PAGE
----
Mexico has enough medical capacity to respond to the coronavirus peak this week, though the number of deaths linked to the disease is likely higher than official data reflects, according to the country's "coronavirus Czar". (Reuters)
Mexico received 211 ventilators purchased from the U.S. -- part of a potential purchase of 1,000 discussed between U.S. President Donald Trump and Mexican President Andrés Manuel López Obrador in April. (BBC)
Trump and AMLO could meet next month with the potential agenda of discussing reopening of key sectors of the economy from the coronavirus lockdown such as carmaking and tourism, according to the Mexican president. (Reuters)
Colombian President Iván Duque declared a second state of emergency to support sectors of the economy that will remain shut down due to coronavirus, reports Reuters. The state of economic emergency allows the president to issue decrees without prior authorization from congress and will allow the government to subsidize workers’ pay in companies affected by shutdown.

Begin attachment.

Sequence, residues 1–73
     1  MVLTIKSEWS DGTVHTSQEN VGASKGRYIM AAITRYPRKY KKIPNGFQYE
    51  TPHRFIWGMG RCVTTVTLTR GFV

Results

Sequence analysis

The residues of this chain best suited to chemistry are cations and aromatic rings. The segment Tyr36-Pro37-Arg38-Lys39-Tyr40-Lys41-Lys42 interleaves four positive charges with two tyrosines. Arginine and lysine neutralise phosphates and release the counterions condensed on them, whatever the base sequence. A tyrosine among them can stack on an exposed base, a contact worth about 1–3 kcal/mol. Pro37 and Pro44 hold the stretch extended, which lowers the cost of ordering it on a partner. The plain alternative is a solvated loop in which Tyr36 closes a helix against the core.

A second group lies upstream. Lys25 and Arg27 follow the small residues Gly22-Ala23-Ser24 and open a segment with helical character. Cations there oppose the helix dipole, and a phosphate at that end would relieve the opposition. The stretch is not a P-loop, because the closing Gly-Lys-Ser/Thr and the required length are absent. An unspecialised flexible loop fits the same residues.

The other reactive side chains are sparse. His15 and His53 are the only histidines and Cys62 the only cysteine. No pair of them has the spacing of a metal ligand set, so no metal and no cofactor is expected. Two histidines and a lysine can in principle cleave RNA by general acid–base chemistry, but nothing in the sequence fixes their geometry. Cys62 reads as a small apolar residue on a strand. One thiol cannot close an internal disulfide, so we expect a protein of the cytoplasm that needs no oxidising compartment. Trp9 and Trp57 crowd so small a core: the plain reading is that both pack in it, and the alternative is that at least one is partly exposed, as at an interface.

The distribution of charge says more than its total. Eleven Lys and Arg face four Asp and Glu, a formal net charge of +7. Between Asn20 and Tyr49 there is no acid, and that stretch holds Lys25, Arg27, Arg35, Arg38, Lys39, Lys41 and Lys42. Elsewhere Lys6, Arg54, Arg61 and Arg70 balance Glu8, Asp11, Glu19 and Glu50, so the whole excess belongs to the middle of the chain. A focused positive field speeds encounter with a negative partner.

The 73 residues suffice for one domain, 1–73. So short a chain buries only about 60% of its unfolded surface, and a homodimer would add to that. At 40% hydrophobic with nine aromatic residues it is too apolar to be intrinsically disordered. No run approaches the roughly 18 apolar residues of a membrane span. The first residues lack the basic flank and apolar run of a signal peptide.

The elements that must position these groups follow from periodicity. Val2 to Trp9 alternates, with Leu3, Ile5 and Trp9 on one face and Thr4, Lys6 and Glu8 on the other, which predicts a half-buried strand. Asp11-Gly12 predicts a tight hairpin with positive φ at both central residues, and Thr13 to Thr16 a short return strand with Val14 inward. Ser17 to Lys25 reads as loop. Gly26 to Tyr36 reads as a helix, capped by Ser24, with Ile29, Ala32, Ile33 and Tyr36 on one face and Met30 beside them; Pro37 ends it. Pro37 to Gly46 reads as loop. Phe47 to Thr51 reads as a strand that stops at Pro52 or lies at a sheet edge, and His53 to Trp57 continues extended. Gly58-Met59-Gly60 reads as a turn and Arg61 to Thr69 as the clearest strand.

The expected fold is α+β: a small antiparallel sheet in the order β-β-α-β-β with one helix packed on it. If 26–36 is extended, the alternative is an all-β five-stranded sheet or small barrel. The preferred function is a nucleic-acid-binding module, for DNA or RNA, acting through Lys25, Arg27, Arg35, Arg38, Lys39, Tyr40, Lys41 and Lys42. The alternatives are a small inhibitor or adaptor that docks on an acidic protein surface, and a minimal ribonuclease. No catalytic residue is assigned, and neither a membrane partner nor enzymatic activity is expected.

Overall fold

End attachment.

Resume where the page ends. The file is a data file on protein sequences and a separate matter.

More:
Brazilian President Jair Bolsonaro suggested that the Covid-19 peak has passed, in the same week the country saw its highest-ever daily death toll -- 633 on Tuesday. (Guardian)
Brazil's government is using the coronavirus pandemic as a cover to dismantle Amazon protection regulations -- advocates say a presidential decree awaiting congressional approval and new rules at the indigenous agency Funai effectively legalize land grabbing in protected forests and indigenous reserves, reports the Guardian.
Brazilian officials expect the coronavirus outbreak to spark a rise in global agricultural protectionism, reports Reuters.
How Covid-19 and social campaigns combined to force Brazil's government into paying basic income to the country's poorest families -- Alessandra Orofino, Piauí
Aesthetics: U.S. President Donald Trump is determined to paint his border wall black, a design choice that is projected to add at least $500 million in costs without really adding anything in terms of functionality, reports the Washington Post.